As a young boy, I moved from County Tipperary to County Wicklow in the early 1950s. There, I was teased by local boys as a "stone thrower" from Tipp. I've heard it since, so I know it wasn't just used by those lads. Does anybody know the origin of the term, as applied to Tipperary men?
Paul, that's fascinating! Have you tried researching via Google or the like? BTW, I see Tipperary, Roscrea to be specific, is featured in the new film "Philomena," which we've reviewed here on WG.
Gerry a chara,
Your colleague, Belinda, already looked it up. Thanks. She went to a site named "Irish County Nicknames", if I recall, in Ireland.ie.com.(?) Apparently everybody but me knew it was an old descriptor for Tipperary and its men (and women, no doubt). Always good to hear from you. I'm very much looking forward to watching the film "Philomena" Thanks for the review.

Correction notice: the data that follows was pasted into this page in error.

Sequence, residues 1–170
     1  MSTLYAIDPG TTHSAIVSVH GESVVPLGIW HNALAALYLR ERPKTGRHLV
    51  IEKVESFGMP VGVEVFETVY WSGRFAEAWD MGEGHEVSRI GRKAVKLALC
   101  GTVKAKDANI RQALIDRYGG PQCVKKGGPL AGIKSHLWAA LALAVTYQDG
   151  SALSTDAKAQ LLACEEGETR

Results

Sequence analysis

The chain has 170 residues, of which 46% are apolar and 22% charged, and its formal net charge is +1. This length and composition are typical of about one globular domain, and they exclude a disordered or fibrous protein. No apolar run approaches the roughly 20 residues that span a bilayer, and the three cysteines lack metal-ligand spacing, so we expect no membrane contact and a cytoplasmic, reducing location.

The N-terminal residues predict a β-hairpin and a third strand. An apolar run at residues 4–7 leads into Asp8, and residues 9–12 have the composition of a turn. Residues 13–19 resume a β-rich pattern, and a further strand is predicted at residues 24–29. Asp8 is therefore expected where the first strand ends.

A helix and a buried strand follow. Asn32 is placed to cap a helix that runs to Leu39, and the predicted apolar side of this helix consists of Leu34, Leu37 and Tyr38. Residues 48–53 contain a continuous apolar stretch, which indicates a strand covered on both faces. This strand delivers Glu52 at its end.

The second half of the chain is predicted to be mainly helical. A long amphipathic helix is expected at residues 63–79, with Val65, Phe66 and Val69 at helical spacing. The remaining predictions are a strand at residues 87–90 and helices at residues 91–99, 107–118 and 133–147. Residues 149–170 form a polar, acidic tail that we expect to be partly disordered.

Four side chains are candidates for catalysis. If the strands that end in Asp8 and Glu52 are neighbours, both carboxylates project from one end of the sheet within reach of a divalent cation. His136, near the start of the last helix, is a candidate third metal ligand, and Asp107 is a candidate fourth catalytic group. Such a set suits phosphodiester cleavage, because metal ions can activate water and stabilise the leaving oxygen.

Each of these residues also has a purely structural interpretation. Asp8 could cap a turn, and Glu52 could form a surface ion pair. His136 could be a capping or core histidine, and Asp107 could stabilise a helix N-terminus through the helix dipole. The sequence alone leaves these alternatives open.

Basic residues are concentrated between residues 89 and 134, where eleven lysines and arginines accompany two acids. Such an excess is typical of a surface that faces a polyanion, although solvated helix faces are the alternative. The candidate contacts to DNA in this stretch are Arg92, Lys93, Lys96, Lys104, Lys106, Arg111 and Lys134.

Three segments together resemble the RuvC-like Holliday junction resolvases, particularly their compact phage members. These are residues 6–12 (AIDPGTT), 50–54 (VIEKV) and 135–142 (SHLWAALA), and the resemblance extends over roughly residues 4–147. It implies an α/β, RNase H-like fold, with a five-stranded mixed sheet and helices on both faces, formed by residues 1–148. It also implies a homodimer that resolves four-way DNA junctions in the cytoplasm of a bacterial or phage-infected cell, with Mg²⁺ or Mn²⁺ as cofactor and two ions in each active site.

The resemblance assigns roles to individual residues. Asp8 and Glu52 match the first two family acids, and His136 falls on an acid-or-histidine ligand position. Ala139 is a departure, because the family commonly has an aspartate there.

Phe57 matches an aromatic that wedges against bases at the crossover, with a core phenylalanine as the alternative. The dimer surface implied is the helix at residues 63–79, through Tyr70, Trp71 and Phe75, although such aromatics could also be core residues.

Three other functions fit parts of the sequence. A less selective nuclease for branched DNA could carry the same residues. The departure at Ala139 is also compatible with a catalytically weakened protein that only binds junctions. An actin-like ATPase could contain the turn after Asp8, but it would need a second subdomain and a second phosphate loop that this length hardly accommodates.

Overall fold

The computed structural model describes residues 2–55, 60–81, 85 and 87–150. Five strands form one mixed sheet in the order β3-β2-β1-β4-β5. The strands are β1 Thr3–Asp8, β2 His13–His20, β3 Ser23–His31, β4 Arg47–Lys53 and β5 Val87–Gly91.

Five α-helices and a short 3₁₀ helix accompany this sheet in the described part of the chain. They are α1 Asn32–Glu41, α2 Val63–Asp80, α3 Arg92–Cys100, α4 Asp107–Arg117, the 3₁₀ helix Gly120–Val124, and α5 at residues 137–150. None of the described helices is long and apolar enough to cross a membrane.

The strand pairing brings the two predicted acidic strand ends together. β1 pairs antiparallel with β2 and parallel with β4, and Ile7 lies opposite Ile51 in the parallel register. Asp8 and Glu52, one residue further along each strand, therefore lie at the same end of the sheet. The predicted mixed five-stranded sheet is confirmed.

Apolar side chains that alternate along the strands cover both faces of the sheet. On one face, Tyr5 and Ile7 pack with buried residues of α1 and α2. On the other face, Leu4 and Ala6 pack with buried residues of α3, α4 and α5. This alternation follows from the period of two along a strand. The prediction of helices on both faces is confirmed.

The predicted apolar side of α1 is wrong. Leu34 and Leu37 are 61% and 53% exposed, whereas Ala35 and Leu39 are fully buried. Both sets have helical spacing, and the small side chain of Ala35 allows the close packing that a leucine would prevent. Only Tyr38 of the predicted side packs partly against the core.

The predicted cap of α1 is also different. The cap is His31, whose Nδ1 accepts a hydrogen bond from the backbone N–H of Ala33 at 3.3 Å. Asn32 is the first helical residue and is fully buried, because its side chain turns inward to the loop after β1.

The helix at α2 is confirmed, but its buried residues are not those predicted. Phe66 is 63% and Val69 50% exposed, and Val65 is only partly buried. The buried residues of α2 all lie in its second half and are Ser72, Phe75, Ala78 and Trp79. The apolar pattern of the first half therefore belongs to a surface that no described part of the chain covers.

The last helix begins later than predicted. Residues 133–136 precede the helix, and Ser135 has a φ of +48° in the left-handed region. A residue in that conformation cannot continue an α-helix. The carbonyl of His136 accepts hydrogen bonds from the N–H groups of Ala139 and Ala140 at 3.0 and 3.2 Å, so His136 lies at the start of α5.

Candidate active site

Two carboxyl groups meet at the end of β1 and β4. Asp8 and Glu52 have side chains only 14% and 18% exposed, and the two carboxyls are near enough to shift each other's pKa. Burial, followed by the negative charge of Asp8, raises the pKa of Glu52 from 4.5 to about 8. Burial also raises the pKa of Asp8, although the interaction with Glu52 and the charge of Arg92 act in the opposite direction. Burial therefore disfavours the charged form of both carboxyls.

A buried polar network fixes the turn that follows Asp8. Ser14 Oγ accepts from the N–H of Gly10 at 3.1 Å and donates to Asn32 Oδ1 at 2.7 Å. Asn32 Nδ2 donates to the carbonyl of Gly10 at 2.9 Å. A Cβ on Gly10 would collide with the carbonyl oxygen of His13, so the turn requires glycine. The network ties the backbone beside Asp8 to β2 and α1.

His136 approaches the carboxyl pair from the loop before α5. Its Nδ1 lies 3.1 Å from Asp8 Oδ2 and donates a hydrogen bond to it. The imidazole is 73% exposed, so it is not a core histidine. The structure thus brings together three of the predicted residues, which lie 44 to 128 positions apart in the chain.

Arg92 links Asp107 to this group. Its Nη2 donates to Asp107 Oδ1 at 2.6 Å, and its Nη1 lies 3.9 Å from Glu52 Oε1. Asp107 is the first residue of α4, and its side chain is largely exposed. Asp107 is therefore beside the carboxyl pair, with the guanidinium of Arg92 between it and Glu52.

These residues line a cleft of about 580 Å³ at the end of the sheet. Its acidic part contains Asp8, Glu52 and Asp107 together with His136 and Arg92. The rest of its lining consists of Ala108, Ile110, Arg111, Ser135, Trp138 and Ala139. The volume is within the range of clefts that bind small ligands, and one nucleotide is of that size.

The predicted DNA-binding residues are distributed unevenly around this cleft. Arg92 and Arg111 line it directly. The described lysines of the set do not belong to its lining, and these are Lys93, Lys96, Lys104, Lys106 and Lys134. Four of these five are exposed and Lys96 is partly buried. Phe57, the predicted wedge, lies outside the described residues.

Slan go foill.
I have learned, since my posting, that the nickname originated during the so-called "Land Wars" which went on in Ireland from the 1870s to the 1890s. Tipperary residents are remembered as being particularly militant and aggresive stone throwing agitators in that time.
The monument on Tipperary Hill in Syracuse, New York, was pointed out to me also and thank you for clarifying its history. My understanding is that the protests over the traffic lights were more generally inspired by Irish-Americans, not necessarily of Tipperary ancestry. The name of the hill on which the offending traffic light was situated is believed to pure poetic coincidence. Thank you and all others who have come forward with thoughtful and relevant answers to my casual question.
Paul Thomas Meagher